Origin of sac

1735–45; < Latin saccus sack1
Related formssac·like, adjective
Can be confusedbag sac sack sacque Unabridged Based on the Random House Unabridged Dictionary, © Random House, Inc. 2018

Examples from the Web for saclike

Historical Examples of saclike

British Dictionary definitions for saclike


  1. a pouch, bag, or pouchlike part in an animal or plant
Derived Formssaclike, adjective

Word Origin for sac

C18: from French, from Latin saccus; see sack 1


abbreviation for (in Britain)
  1. Special Area of Conservation
Collins English Dictionary - Complete & Unabridged 2012 Digital Edition © William Collins Sons & Co. Ltd. 1979, 1986 © HarperCollins Publishers 1998, 2000, 2003, 2005, 2006, 2007, 2009, 2012

Word Origin and History for saclike



"biological pocket," 1741, from French sac, from Latin saccus "bag" (see sack (n.1)).


central Algonquian people who lived near the upper Mississippi before the Black Hawk War of 1832, from French Canadian Saki, probably a shortened borrowing of Ojibwa (Algonquian) /osa:ki:/, literally "person of the outlet" (of the Saginaw River, which itself contains their name, and means literally "in the Sauk country").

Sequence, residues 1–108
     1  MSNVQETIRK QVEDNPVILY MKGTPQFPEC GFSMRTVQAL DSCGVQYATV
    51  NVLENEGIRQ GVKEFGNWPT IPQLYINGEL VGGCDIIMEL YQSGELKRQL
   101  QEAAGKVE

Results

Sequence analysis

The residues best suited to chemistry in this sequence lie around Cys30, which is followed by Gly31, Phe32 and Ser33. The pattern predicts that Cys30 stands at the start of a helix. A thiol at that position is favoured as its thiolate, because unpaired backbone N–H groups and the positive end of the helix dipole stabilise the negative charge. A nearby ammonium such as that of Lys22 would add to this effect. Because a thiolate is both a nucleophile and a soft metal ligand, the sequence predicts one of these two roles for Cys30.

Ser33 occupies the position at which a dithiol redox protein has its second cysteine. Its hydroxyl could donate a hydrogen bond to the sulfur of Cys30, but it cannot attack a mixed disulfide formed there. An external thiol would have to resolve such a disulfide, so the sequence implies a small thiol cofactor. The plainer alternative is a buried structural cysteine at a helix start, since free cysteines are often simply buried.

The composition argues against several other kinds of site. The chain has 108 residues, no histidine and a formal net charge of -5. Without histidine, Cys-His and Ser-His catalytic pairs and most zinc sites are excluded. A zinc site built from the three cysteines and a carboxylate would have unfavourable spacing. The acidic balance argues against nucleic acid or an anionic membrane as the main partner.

Online Etymology Dictionary, © 2010 Douglas Harper

saclike in Medicine


  1. A pouch or bursa.
  2. An encysted abscess at the root of a tooth.
  3. The capsule of a tumor or the envelope of a cyst.
The American Heritage® Stedman's Medical Dictionary Copyright © 2002, 2001, 1995 by Houghton Mifflin Company. Published by Houghton Mifflin Company.

saclike in Science


  1. A pouch or pouch-shaped structure in an animal or plant, often containing liquids. The human bladder is a sac.
The American Heritage® Science Dictionary Copyright © 2011. Published by Houghton Mifflin Harcourt Publishing Company. All rights reserved.